city-issued broom in his hand, Boy George started his
court-ordered community service early Monday, sweeping
leaves and trash off the sidewalks of New York.
It took less than
an hour for the former Culture Club front man to get
into a spat with the media.
"You think you're
better than me?" he yelled. "Go home. Let me do my
Boy George took
to the streets of Manhattan as a Department of Sanitation
worker wearing an orange vest, dark capri pants, shoes
without socks, and without the wild makeup and
androgynous style that made him so recognizable as the
'80s icon who sang "Karma Chameleon" and "Do You
Really Want to Hurt Me?"
"This is supposed
to be making me humble. Let me do this," he said. "I
just want to do my job."
The singer, born
George O'Dowd, was ordered to spend five days working
for the Department of Sanitation after pleading guilty in
March to falsely reporting a burglary at his lower
Manhattan apartment. The officers who responded found
At 7 a.m. Monday,
a sport utility vehicle pulled up at a Lower East Side
sanitation depot. The agency planned to issue the singer a
shovel, broom, plastic bags, and gloves for the job of
picking up trash on the city's streets.
In June Manhattan
criminal court judge Anthony Ferrara issued a warrant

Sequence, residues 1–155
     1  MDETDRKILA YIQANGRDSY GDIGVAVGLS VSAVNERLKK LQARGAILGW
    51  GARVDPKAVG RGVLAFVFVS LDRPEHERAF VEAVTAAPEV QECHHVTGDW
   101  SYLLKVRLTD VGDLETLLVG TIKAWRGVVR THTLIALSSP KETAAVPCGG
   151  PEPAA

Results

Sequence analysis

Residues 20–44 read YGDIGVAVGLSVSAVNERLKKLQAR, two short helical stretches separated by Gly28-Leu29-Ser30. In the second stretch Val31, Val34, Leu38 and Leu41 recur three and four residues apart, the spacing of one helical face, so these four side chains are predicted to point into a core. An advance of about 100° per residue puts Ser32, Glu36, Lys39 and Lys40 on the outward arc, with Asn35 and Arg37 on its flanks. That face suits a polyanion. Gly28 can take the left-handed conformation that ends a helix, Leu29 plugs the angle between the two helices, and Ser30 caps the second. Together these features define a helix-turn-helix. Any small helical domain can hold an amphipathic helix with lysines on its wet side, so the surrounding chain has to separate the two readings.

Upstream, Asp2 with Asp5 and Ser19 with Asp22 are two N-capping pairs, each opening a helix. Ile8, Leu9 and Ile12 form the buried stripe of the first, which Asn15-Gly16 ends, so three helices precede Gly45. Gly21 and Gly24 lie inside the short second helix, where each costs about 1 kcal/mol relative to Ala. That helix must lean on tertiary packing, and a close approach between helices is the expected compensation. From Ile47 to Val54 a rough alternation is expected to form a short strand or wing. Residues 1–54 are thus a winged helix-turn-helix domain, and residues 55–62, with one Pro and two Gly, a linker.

for O'Dowd's arrest after he initially failed to complete
the requirements of his plea deal. When O'Dowd
appeared in court 10 days later, Ferrara called off
the warrant but warned the singer he could not escape
his community service commitment.
"It's up to you
whether you make it an exercise in humiliation or in
humility," Ferrara told O'Dowd.
initially envisioned a service project more in line with his
status as an '80s icon.
He petitioned to
spend the time helping teenagers make a public service
announcement. Among his other proposals to the court:
holding a fashion and makeup workshop, serving as a DJ
at an HIV/AIDS benefit, or doing telephone outreach.
manager, Jeremy Pearce, told reporters shortly after the
singer arrived for his first day on the job: "He doesn't
show any kind of emotion about these things. He takes
it in his stride. He doesn't need to be humiliated.
He's a humble person."
in the street were a little chaotic," said sanitation
department spokesman Keith Mellis. "We'll see if there's
some cleaning that can be done inside."
later resumed in a gated sanitation parking lot.
"This is for
everyone's safety," deputy sanitation chief Albert
Durrell said as photographers crowded outside the gate. He
said the day's work also might include mopping inside
the depot. (AP)